Friday April 12th the 7-day old waxing gibbous Moon will be crossing the plane of the ecliptic moving north relative to the ecliptic. This is known as the ascending node, one of two intersections the Moon’s orbital path has with the ecliptic. The ecliptic is actually the Earth’s orbit and the Moon’s orbit is inclined about 6o from the ecliptic. So there are two node intersections, the ascending and descending nodes.

   On the day of the node crossing the 7-day old first quarter Moon rises around mid-day and sets the following day.

   Does our Moon actually go around the Earth as many graphics show? From our perspective on the Earth the Moon appears to circle around the Earth. However, in reality, the Moon orbits the Sun together with the Earth*

Happy Anniversary
   This year is the 75th anniversary for the NSTA (National Science Teachers Association), and this graphic helps to celebrate the event by highlighting Alphecca Gemma, the brightest star in the constellation Corona Borealis, the Northern Crown. This star is 75 light years distant and so the light you see coming from that star left Alphecca Gemma the year that NSTA started.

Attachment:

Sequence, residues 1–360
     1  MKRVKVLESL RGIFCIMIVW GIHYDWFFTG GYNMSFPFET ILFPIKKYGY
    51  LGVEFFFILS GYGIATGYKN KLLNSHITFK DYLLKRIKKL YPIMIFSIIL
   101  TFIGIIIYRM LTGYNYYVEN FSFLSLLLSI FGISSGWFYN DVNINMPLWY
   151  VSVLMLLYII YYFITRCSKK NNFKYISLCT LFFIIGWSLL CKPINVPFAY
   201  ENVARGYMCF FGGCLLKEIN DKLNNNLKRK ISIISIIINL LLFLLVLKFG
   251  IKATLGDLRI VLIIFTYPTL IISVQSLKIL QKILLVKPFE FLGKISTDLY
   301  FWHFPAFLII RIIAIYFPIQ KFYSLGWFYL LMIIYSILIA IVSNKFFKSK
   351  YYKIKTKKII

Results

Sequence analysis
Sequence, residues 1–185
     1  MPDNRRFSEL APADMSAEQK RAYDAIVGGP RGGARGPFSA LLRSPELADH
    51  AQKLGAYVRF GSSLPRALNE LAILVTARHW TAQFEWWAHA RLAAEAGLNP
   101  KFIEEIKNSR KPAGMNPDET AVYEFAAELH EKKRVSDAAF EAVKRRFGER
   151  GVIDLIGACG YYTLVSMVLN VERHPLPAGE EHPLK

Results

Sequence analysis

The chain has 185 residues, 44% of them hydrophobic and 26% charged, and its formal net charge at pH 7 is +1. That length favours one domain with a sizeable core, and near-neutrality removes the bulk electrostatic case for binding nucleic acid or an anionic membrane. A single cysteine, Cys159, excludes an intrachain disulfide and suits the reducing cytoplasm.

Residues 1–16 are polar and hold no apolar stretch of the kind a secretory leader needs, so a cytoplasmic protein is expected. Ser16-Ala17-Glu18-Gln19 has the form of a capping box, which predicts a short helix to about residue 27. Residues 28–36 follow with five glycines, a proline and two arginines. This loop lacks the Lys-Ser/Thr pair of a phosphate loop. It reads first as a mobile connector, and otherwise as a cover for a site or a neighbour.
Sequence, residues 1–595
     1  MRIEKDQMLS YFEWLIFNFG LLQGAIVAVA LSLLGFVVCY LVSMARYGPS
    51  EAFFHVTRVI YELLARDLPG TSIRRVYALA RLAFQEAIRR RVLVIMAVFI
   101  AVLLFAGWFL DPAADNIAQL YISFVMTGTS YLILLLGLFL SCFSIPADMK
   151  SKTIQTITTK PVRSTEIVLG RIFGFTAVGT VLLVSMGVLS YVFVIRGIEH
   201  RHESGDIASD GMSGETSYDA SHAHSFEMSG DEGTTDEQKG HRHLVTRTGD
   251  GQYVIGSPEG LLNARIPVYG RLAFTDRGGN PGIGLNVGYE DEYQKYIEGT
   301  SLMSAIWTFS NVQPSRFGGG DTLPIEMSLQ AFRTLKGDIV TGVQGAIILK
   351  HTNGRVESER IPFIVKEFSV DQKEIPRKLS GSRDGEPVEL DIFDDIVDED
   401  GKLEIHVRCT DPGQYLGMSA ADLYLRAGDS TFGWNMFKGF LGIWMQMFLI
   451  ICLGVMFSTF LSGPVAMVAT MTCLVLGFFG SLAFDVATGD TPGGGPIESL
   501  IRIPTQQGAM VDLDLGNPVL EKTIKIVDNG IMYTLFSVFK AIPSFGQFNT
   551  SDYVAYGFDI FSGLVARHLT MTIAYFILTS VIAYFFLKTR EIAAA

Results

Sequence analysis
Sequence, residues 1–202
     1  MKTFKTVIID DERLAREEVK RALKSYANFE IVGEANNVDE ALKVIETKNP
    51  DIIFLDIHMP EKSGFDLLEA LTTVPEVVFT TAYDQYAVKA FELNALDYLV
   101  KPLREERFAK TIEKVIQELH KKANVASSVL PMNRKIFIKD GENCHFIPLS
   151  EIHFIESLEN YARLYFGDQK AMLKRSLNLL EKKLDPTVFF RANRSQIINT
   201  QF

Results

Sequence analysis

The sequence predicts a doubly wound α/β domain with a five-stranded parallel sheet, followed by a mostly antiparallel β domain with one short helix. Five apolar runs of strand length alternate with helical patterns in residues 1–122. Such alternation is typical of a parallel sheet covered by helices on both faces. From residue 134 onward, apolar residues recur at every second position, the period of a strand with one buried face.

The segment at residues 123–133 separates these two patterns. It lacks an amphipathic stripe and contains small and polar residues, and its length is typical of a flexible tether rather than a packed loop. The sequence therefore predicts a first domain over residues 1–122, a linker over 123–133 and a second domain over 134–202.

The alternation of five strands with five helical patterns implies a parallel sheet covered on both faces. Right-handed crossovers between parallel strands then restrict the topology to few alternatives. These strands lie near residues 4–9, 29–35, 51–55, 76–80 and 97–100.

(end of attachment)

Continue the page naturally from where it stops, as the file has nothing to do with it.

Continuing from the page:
The date of April 12th was chosen because during this week Science Teachers and other educators will gather in St. Louis, MO for our annual conference. See you there?

*Click here to read my 2006 Scope on the Sky column “The Real Shape of the Moon’s Orbit”. (PDF)

Read this very informative article about the Earth-Moon system and their orbital motions, written by Joe Hanson. “Do We Orbit the Moon?”

   
   
   

Click here to go to the Qué tal in the Current Skies web site for monthly observing information, or here to return to bobs-spaces.


Also Follow me and other great resources at Feedspot.

March Moon at Ascending Node

   Saturday March 16th the 10-day old waxing gibbous Moon will be crossing the plane of the ecliptic moving north relative to the ecliptic. This is known as the ascending node, one of two intersections the Moon’s orbital path has with the ecliptic. The ecliptic is actually the Earth’s orbit and the Moon’s orbit is inclined about 6o from the ecliptic. So there are two node intersections, the ascending and descending nodes.

   On the day of the node crossing the 10-day old waxing gibbous Moon rises during the mid-afternoon and sets about 2 hours before sunrise on Sunday.

   Does our Moon actually go around the Earth as many graphics show? From our perspective on the Earth the Moon appears to circle around the Earth. However, in reality, the Moon orbits the Sun together with the Earth*

*Click here to read my 2006 Scope on the Sky column “The Real Shape of the Moon’s Orbit”. (PDF)

Read this very informative article about the Earth-Moon system and their orbital motions, written by Joe Hanson. “Do We Orbit the Moon?”

   
   
   

Click here to go to the Qué tal in the Current Skies web site for monthly observing information, or here to return to bobs-spaces.


Also Follow me and other great resources at Feedspot.